Unlike Quibi’s public positioning, this canvas highlights the sheer volume of existing solutions, confirming would-be competitors as a critical challenge. The canvas also makes it easier to break risky assumptions into elements that can be individually tested, tweaked, and confirmed before putting the puzzle back together. With strong processes in place to evaluate and change the canvas over time, Quibi could have developed a robust, validated business model to build their product on.
Unfortunately, that’s not what happened.
Embrace the knowable
Quibi’s entire premise was that users would pay a subscription fee to watch high-quality, short-form content on mobile devices, presumably between 7am and 7pm. But the company never meaningfully questioned these foundational ideas, and by their own admission, they still don’t know if their concept was strong enough in the first place. Lots of things about launching a new product and building a software platform are risky and unknowable, but this didn’t have to be one of them.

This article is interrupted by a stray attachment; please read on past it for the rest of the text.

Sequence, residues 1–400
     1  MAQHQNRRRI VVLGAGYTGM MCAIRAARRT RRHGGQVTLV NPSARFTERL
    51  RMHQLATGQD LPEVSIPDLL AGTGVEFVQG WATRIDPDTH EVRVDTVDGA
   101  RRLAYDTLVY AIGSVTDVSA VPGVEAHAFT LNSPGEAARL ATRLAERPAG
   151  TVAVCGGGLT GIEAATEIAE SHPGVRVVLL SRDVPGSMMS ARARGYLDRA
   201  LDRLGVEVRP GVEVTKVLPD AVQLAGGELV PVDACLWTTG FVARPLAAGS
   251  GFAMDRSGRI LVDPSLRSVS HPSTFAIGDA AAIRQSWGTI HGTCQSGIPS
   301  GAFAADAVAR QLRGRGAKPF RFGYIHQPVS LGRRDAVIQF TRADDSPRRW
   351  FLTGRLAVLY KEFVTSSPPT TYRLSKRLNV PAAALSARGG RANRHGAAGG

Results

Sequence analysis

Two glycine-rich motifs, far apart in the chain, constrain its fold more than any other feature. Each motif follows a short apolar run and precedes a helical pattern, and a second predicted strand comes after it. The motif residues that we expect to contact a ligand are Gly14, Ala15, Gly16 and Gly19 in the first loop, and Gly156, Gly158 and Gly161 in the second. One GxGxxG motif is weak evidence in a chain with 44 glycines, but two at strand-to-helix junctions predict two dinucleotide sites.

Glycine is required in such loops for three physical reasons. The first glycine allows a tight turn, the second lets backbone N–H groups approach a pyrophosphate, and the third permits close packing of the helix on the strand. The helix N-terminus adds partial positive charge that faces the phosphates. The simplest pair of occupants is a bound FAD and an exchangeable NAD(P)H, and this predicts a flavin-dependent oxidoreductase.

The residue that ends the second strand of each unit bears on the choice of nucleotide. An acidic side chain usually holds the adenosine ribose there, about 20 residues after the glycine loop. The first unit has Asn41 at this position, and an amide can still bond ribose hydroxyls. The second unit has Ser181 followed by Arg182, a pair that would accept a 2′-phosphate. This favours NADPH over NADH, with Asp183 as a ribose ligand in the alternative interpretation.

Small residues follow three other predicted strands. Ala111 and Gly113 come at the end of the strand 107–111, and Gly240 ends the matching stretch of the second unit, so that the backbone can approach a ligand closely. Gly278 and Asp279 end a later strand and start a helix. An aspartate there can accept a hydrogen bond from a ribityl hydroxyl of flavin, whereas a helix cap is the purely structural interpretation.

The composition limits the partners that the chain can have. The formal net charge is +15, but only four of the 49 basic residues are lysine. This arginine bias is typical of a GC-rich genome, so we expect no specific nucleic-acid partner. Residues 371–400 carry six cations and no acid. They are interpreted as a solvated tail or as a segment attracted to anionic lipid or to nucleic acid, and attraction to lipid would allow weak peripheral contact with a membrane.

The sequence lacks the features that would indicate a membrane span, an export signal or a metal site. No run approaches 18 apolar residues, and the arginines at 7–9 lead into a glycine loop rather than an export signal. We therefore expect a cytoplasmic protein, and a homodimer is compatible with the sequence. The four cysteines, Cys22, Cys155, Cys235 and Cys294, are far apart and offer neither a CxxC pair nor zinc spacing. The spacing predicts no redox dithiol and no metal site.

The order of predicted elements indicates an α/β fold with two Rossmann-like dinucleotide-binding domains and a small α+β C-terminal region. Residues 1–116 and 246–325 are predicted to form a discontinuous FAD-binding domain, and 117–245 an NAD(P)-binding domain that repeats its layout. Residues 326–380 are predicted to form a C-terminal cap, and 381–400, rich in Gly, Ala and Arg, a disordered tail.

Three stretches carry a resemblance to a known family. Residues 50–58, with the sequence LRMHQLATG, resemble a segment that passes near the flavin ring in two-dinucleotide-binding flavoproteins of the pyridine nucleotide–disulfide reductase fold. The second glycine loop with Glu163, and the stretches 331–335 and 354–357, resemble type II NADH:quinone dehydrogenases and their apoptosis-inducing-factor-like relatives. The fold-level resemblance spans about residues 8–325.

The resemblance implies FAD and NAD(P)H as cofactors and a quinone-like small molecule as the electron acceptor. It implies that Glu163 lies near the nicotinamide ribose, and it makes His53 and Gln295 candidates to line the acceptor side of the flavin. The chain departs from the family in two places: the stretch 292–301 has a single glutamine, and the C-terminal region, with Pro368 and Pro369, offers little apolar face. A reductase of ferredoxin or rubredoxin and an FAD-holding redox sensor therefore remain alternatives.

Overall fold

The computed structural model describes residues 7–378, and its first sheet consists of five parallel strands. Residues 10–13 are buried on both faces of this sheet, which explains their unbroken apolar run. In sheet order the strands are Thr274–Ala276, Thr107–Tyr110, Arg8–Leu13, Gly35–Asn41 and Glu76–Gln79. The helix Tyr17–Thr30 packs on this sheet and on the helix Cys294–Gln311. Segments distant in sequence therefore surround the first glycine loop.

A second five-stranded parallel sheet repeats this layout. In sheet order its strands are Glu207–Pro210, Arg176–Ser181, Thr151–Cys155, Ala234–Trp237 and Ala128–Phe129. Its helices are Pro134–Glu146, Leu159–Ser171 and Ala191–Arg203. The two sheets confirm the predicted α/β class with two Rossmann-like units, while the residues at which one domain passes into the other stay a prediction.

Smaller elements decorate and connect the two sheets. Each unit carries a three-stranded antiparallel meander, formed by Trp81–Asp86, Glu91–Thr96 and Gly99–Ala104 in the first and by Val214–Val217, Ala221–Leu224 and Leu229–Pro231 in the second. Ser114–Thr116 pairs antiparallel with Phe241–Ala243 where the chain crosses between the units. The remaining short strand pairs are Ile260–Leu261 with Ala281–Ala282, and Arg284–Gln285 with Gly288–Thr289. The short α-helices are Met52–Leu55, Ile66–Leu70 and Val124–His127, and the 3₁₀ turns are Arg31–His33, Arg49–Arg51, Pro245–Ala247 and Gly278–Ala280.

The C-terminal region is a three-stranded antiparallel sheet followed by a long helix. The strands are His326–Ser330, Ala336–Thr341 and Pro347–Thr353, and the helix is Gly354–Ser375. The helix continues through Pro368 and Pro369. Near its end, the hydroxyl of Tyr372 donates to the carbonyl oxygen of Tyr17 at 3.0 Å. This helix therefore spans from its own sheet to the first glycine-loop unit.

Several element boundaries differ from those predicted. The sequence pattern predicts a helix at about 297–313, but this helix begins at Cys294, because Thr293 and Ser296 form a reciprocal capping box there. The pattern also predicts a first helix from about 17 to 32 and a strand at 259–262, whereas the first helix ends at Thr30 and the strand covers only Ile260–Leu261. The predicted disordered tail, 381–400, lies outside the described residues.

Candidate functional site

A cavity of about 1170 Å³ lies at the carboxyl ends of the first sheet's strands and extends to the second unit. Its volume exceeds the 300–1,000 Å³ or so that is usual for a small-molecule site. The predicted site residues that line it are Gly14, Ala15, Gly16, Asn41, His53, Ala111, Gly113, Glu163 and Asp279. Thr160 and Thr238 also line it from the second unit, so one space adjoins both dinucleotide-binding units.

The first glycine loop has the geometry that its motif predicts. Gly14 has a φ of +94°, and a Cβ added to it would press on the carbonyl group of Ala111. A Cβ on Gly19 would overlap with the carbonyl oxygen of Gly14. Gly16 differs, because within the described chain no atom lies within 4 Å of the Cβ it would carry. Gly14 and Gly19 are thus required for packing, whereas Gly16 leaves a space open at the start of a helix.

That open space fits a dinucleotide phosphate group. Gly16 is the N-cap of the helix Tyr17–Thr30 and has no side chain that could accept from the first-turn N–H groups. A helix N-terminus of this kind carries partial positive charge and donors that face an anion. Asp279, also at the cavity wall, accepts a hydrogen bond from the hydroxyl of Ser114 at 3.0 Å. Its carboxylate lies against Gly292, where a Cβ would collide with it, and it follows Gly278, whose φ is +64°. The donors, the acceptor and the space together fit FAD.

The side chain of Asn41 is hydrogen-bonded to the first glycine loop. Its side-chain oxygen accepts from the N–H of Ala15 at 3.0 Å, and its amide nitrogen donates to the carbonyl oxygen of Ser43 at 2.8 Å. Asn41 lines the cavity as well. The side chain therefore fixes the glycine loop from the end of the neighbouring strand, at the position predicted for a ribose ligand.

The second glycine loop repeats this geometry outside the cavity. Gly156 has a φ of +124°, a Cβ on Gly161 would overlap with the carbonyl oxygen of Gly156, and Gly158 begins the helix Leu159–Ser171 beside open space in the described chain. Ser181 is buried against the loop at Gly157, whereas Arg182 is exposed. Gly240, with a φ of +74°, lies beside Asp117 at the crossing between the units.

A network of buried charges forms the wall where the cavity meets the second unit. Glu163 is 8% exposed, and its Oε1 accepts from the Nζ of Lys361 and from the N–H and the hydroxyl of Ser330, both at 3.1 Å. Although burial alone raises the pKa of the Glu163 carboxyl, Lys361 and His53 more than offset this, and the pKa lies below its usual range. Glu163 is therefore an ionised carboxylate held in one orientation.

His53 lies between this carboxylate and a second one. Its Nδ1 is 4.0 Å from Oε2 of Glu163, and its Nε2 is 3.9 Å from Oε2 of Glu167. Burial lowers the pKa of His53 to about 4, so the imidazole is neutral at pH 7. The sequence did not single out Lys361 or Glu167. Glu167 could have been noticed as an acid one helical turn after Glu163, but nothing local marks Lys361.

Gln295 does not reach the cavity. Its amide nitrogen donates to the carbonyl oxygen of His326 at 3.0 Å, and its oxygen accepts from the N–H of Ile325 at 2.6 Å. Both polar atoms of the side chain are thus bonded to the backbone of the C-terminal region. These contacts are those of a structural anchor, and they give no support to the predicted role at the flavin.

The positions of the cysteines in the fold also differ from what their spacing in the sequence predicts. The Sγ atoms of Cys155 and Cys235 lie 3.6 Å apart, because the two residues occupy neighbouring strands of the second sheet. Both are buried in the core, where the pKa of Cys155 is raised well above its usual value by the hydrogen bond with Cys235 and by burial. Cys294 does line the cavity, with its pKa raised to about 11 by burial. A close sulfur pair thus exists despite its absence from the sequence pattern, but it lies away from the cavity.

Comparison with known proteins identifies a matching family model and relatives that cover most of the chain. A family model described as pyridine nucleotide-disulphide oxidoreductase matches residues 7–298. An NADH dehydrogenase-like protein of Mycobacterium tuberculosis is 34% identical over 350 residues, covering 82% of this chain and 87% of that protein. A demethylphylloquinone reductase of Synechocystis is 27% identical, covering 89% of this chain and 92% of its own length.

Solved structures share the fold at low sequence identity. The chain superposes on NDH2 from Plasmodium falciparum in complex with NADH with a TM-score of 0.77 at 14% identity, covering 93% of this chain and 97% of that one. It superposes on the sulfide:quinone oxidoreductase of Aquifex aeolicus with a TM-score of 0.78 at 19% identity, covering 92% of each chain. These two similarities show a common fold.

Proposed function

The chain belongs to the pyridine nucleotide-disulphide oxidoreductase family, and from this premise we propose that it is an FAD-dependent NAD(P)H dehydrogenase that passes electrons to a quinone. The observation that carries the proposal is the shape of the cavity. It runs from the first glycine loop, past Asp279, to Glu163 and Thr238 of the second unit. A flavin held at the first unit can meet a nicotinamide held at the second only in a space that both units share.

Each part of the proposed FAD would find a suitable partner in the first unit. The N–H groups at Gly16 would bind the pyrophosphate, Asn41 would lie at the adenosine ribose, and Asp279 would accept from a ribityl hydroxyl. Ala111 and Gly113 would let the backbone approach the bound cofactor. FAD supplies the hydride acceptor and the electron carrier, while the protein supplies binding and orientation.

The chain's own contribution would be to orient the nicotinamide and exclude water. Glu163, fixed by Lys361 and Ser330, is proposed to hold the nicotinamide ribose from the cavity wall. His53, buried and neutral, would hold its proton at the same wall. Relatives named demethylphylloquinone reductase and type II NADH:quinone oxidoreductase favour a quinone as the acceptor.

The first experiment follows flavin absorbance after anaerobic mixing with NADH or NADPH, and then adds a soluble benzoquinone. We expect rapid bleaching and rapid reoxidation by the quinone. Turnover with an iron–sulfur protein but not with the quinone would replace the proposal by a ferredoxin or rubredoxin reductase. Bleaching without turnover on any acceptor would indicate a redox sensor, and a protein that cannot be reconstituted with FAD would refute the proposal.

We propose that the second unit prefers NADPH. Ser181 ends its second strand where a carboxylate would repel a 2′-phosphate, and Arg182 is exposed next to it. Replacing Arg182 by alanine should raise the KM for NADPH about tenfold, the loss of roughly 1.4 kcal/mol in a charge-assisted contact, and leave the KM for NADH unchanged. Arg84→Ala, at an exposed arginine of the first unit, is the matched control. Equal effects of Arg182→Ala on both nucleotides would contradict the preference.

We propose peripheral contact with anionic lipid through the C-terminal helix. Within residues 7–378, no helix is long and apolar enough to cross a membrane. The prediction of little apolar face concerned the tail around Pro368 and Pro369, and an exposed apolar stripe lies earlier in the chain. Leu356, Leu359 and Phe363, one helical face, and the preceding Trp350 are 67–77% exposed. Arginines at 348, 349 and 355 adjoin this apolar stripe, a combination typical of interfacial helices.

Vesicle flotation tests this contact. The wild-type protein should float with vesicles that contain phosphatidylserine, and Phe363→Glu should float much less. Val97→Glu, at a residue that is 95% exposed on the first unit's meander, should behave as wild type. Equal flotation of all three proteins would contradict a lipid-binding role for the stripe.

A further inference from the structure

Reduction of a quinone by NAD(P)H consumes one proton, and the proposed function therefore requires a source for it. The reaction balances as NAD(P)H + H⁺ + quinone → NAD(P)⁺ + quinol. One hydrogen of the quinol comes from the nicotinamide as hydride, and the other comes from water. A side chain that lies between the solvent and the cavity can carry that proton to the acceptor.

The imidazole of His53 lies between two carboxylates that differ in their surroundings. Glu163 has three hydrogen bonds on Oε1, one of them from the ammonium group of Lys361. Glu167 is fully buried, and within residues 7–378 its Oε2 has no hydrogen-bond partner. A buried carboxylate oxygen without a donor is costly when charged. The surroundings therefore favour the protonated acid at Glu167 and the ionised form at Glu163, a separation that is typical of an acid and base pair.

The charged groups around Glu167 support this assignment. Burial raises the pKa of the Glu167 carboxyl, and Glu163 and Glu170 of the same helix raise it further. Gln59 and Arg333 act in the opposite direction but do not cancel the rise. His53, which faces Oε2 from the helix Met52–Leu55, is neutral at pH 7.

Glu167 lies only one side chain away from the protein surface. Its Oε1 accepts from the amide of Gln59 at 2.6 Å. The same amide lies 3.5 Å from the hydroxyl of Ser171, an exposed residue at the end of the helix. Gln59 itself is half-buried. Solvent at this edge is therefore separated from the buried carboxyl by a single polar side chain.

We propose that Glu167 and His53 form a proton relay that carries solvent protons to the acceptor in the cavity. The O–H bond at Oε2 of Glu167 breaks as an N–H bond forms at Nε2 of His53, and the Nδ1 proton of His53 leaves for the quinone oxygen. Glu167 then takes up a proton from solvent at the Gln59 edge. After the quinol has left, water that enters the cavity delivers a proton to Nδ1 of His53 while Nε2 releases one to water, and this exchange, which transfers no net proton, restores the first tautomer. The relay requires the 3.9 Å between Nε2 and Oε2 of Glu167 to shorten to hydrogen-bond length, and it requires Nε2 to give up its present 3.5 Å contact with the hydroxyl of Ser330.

At Viget, we help our clients build prototypes and MVPs to test risky assumptions in realistic scenarios. In this case, Quibi could have built and deployed early MVPs with limited content and minimal feature sets, and recruited research participants to provide feedback on their experience through surveys, interviews, and observation. They could have built a small but focused ecosystem to study user behavior against key metrics from their business model canvas: How many minutes of content do trial users watch? How often do they watch? How many trial users report intent to subscribe after a free trial, and at what price points? In turn, this research might have revealed bigger insights to challenge and refine the problems, strategic insights, and product solutions from Quibi’s first draft of a business canvas.